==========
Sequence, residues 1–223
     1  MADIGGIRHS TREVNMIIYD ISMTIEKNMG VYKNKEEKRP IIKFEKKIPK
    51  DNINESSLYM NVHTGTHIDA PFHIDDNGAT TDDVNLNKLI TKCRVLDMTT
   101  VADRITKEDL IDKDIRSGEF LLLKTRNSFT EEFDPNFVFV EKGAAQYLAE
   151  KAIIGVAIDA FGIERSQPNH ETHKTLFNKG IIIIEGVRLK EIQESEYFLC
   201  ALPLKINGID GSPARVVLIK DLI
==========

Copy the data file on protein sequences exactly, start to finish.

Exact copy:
Sequence, residues 1–223
     1  MADIGGIRHS TREVNMIIYD ISMTIEKNMG VYKNKEEKRP IIKFEKKIPK
    51  DNINESSLYM NVHTGTHIDA PFHIDDNGAT TDDVNLNKLI TKCRVLDMTT
   101  VADRITKEDL IDKDIRSGEF LLLKTRNSFT EEFDPNFVFV EKGAAQYLAE
   151  KAIIGVAIDA FGIERSQPNH ETHKTLFNKG IIIIEGVRLK EIQESEYFLC
   201  ALPLKINGID GSPARVVLIK DLI